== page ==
Abdel-Samad: The disease must be diagnosed correctly. A clear diagnosis was not allowed in the past. I see myself as a diagnostician. As Karl Kraus said, “I cannot lay eggs but I know if one is lazy.” It’s about the chronic diseases of Arab societies: lack of education, lack of economic structures, corruption, paternalism … the list is long. This is the swamp in which fascist Islamism is trying to fish the people who are stuck in this swamp of frustration. They are light-years removed from the modern world. It is much easier for them to retire on an ideological level, rather than to tackle the problems and solve them. A preacher who is regarded in the West as a moderate seriously thinks the economic decline only started when we no longer took jihad seriously. He seriously proposes new wars of conquest against Christian countries, poll taxes for Christians and Jews, the enslavement of opponents. These are frighteningly clear parallels with fascism, which is inhuman. The helpless leaders are overwhelmed and tell stories. Like an Egyptian general who loudly proclaimed that they had discovered a secret weapon against AIDS. Everything feeds on the same myths, is unworldly and stewing in its own juice. This creates a transfigured worldview that you cannot break out of.
Die Welt: Islam and democracy are therefore not compatible?
Abdel-Samad: Of course not. When you say that, you prolong the disease and delay the healing process. True Islam is like true socialism: So great, but unfortunately, not practised anywhere in the world. It is self-delusion to think that the Islamic world, an Islamic system could be democratic. Democracy means that the people will decide. Islam means God is the legislator.
Die Welt: That sounds hopeless and is not encouraging for the 1.5 billion Muslims in the world …
Abdel-Samad: Arab-Islamic societies want to be modern and successful. But if I want to build a car, I first need to familiarize myself with the laws of physics, with mechanics and even with the environmental regulations that apply in the rest of the modern world. Then I have to see what materials are available to me. But I shouldn’t re-invent the wheel, I have to just look at which of my materials are suitable for car manufacturing and which are not. Cow dung and cars do not fit together. To insist that cow dung should be part of a car is a fatal flaw. Transferred to the Islam-democracy discussion: There are Western intellectuals who say it will work out with cow dung. This is not helping themselves, but anesthesia. Muslims did not invent the car, but buy it anyway. Why shouldn’t that be possible with democracy? We insist on our cultural share, even if it is a hindrance.
Die Welt: You call Islam a “retarded religion” that has just reached the year 1435 and is thus reliving its own Middle Ages. Does this mean that the Islamic world will have to go through everything that Europe experienced during its Middle Ages?
Abdel-Samad: Absolutely. We are heading towards a religious war between Sunnis and Shiites of global dimensions. And we can only hope that we will then have a reformation as was the case in Europe. We cannot get past it, but the price will be high. The youthful masses without perspective and hope can only be fed, employed, burned by religious wars.
Die Welt: Samuel Huntington once spoke of the “clash of civilizations” and meant Islam against Western culture. You speak of an “inner clash of civilizations”, an intra- Arab struggle. For what?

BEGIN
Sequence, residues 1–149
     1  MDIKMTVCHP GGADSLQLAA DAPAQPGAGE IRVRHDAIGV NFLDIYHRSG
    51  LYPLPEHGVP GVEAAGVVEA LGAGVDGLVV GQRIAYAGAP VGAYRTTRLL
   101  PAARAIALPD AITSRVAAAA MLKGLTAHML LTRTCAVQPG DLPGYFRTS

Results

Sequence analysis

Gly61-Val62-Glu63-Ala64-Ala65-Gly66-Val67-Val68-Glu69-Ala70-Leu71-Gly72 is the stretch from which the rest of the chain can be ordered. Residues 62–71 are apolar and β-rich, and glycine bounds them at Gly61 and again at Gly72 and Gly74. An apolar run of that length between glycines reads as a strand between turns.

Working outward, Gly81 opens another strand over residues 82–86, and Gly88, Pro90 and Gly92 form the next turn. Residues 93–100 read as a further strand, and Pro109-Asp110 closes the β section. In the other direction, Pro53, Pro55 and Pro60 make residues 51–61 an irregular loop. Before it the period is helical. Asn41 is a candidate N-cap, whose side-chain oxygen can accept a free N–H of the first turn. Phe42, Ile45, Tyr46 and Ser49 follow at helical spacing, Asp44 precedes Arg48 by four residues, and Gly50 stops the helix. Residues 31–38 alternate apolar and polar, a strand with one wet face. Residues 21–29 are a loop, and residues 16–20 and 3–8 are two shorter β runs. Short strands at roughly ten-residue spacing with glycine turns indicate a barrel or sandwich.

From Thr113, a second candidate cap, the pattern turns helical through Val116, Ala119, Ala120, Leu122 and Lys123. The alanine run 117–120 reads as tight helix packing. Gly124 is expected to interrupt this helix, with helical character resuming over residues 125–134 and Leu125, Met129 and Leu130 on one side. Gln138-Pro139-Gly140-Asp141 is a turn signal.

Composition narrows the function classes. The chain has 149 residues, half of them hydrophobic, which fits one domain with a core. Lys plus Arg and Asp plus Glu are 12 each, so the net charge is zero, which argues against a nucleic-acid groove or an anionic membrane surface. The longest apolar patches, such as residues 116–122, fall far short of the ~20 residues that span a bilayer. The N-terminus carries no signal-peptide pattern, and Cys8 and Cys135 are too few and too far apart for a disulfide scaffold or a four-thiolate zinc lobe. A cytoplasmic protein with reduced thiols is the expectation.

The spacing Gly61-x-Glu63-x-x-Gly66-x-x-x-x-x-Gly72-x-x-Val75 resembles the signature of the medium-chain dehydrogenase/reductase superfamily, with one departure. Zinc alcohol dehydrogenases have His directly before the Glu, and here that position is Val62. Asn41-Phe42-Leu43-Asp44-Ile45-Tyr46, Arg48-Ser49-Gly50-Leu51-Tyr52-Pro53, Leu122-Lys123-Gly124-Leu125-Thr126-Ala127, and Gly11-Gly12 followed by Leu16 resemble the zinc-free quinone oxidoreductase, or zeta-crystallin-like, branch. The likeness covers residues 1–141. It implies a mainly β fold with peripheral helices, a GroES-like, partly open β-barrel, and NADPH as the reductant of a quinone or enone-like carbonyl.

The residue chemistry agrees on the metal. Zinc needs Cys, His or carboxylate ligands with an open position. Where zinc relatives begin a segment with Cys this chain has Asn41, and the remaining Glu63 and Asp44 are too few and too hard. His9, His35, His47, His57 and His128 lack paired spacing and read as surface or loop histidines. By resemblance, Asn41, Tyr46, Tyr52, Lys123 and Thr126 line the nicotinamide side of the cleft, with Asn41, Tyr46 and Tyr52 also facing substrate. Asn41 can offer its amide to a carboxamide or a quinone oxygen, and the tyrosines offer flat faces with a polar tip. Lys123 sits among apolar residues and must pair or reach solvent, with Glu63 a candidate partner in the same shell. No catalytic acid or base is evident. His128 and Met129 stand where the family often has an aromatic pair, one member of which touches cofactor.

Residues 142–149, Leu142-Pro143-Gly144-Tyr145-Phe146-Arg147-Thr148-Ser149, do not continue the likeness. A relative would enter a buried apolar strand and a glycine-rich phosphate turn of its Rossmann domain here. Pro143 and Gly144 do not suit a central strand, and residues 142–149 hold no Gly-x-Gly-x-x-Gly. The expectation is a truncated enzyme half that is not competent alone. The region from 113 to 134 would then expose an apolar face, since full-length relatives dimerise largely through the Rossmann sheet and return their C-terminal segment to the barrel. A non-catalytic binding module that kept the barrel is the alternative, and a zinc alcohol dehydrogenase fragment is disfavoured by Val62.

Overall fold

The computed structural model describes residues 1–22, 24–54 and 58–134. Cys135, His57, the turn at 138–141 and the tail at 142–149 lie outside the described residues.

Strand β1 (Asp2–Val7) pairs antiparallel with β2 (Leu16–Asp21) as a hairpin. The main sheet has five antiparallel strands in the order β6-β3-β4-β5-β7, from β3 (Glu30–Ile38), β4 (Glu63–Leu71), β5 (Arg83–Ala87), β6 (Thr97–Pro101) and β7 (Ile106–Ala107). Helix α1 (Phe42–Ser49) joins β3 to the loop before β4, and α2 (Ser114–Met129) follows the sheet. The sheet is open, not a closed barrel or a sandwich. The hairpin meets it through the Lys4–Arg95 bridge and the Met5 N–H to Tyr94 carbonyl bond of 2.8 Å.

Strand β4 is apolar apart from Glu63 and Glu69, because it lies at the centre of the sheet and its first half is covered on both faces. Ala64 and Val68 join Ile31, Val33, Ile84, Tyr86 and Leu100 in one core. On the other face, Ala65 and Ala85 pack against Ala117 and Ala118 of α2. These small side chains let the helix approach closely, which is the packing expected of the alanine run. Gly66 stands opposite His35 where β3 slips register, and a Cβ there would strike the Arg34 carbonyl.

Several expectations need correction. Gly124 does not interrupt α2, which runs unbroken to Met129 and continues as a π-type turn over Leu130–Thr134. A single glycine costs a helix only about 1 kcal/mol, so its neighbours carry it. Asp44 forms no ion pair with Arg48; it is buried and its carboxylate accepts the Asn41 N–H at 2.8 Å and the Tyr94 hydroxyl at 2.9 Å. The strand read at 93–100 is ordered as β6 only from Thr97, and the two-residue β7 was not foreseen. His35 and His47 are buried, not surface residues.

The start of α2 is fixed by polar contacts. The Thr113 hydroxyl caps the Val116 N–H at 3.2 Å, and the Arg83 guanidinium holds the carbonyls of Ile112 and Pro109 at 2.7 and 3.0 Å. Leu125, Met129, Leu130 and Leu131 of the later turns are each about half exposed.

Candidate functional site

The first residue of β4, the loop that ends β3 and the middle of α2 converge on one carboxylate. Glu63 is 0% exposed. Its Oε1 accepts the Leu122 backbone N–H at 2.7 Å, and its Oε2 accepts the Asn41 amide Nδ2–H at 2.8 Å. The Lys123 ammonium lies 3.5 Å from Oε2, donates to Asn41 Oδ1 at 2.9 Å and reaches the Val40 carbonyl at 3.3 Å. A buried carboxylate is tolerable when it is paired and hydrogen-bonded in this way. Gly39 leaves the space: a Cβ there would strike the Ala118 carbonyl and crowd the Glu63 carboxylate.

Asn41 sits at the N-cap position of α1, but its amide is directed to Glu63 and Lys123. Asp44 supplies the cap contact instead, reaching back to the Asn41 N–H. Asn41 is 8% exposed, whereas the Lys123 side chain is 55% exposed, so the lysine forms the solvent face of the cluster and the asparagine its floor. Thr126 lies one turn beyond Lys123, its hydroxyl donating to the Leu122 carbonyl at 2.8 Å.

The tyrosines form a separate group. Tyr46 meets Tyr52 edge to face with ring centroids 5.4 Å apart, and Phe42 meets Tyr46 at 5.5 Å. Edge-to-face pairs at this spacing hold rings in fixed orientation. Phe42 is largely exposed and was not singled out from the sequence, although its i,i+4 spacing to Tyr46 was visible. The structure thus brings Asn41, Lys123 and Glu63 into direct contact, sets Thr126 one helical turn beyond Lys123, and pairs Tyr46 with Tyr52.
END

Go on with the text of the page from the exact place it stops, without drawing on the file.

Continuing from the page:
Abdel-Samad: The ideological war raging between a modern, Western-oriented class that has made itself partially independent of the official knowledge and the religious superiority of Islam, and the traditional forces, who are afraid of freedom. Fascism has always fed on this fear. A war would be a chance for rebirth, for both fascists and Islamists. The peace of the world could only be restored if all people were to belong to Islam. This is not Islamism, it says so in the Koran. We can only counteract this by, without taboos, grasping the roots of this ideology and tearing them out. Anyone who calls that radical is trivialising the problem.
Die Welt: Many people were worried about you when you disappeared for two days without trace at the end of November last year in Cairo. What happened back then?
Abdel-Samad: I was kidnapped in the street by four people in a car and detained for two days. I was abused, beaten and forced with a gun to my head to sign papers whose contents I could not read. When the kidnappers released me, I came across the stupidest policemen in the world. The Egyptian police just want to prove that they did everything right. But the authorities did not take adequate care for my personal safety, I have sued them. The investigations are still ongoing but the police department that is responsible for this particular investigation is the one I am suing, so nothing is happening.
Die Welt: And this case was connected with the death threat from the Islamists against you?
Abdel-Samad: No, it was about money. There were criminals who appeared to have acted on someone’s orders. After the revolution, during the phase of optimism, I invested all my savings in an Egyptian company, which now employs 100 people and whose leadership my brother was heavily involved. However, my brother’s partner gradually planted his relatives in the company. They became more and more corrupt and were also involved in criminal and dangerous business activities. My brother then got out of the company’s leadership and I wanted to get my money back. A first cheque for 27,000 euros was due and I told the debtors, either you pay or I will sue you. I did not get anything and the case is still ongoing.
Die Welt: Do these events still have an effect on you today?
Abdel-Samad: Yes. I was in psychiatric treatment for a week on my return to Germany. I could not deal with daily life, I had a major loss of confidence in everything. I thought the death threat was the worst thing you that could happen to you in Egypt. But I was wrong. The Egyptian government is losing control of the people and the people are losing control of themselves. The clergy sit there and deal with the question of whether the Prophet should be shown in a movie or not. This is a long way from reality. And someday someone will come along and say, I know where to go. This is how fascism works.